Other algorithm studies
Read our other algorithm studies for current, future and multi-missions.
16 February 2023
18 November 2021
This Copernicus study is funded by the European Commission (EC), procured under EUMETSAT leadership, and led by the Aerosol team of Prof. Dr Peter North from Swansea University (SU). It aims to support further understanding of, and potential improvements to, the algorithm implemented in the preliminary operational processor for the Copernicus Sentinel-3 (S3) Near Real Time (NRT < 3h) Aerosol Optical Depth (AOD) product from the Sea and Land Surface Temperature Radiometer (SLSTR). The current algorithm version is a joint development between SU and EUMETSAT. Part of the legacy developments also come from past dual-view aerosol developments funded and procured by the European Space Agency (ESA) aerosol Climate Change initiative (CCI).
The overall goal is to investigate three new questions emerging from feedback from EUMETSAT and the operational user community: e.g. the Copernicus Atmospheric Monitoring Service (CAMS). These investigations are directly focused on the latest version of the independent SU algorithm prototype.
Atmospheric aerosols originate from sources such as wildfires, emissions from pollution, sea salt and desert dust. They have a net cooling effect on climate, but with high uncertainty, and are also a major factor in air quality. Satellite retrieval is needed to improve understanding of the role of aerosols in climate, and for assimilation in models of atmospheric transport.
While both surface reflectance and atmospheric aerosol are needed independently from satellite observations of reflected sunlight, any such measurements include a mixture of contributions from both aerosol and albedo. Research by Swansea University developed new methods that accurately separate atmospheric from surface signals in satellite images using physical model inversion techniques. In collaboration with additional EUMETSAT developments, this has been developed into an NRT aerosol product from the SLSTR instruments on the Copernicus Sentinel-3 satellite series, with two satellites giving near daily global coverage. This project aims to improve aspects of this algorithm, and further develop fundamental understanding of the aerosol retrieval.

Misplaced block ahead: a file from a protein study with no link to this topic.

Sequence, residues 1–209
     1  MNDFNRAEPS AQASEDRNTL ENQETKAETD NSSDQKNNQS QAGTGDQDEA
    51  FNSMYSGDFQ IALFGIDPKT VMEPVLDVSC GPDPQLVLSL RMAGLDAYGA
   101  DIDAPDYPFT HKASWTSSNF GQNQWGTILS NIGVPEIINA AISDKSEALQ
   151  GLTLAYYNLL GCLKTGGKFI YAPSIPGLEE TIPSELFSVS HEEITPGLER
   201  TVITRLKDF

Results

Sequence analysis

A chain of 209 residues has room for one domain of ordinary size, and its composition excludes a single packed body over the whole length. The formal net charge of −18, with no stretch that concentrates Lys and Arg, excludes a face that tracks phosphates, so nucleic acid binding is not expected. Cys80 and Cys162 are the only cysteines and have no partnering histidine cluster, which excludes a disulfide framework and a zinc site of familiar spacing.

There are three objectives to the planned research:
This scientific study aims to support the Copernicus Sentinel-3 (S3) Near Real Time (NRT) Aerosol Optical Depth (AOD) product from the Sea and Land Surface Temperature Radiometer (SLSTR). The context is the on-going developments by EUMETSAT to continue the evolution of the dedicated Copernicus S3 NRT AOD processor. The main goal of this activity is to investigate a series of scientific elements, structured around 3 key tasks based on the existing Swansea University SLSTR aerosol prototype. Any elements demonstrated to be successful from the delivered SU SLSTR aerosol prototype could then be transferred to the processor directly by EUMETSAT in due time.
As part of the Copernicus programme, funded by the European Commission, Sentinel-3 is the third of the Sentinel satellite series, originally dedicated to land and ocean applications including sea-ice, water pollution monitoring in open-ocean and coastal areas, surface temperature, sea height, and vegetation productivity. The first satellite, Sentinel-3 A, has been flying since 16 February 2016. The second satellite, Sentinel-3 B, was successfully launched on 25 April 2018.
The potential for an aerosol product was demonstrated during the precursor missions, the (A)TSR instruments on ERS-2 and ENVISAT, and Swansea University developed a successful product under the ESA Climate Change Initiative for (A)ATSR, and developed this further as a product for SLSTR on Sentinel-3. EUMETSAT is responsible for undertaking the processing and dissemination of the S3 NRT AOD product, with a first version (v1.0) based on this algorithm. While giving good results over ocean, initial results over land showed less accuracy than the (A)ATSR product. Both EUMETSAT and SU have subsequently and independently developed this algorithm further. Figure 1 shows example AOD retrieved using the current SU prototype for March 2019 from S3A SLSTR.
One of the major geometry configuration differences between the (A)TSR instruments and SLSTR is the viewing direction of the oblique view: while the (A)TSR oblique view was pointing forward w.r.t. the satellite motion, the SLSTR oblique view is backwards w.r.t the satellite motion (respectively South and North on the descending part of the satellite orbit). While such a rotation has a priori no impacts on thermal infrared measurements and derived L2 products, such as Sea Surface Temperature (SST), it directly affects the spatial distribution of the viewing configuration associated with radiance measurements acquired with the solar channels. Additional significant differences include large extension of the swath width for both views, and two additional spectral channels in the Short Wave InfraRed (SWIR) at 1.375 (cf. Cirrus band) and 2.25 µm.
Key questions to be addressed by this research are:
The project will focus on the latest prototype version developed by Swansea University, and will make this code and revised Algorithm Theoretical Basis Document available to EUMETSAT to support ideas for improvements in forthcoming NRT product development activities.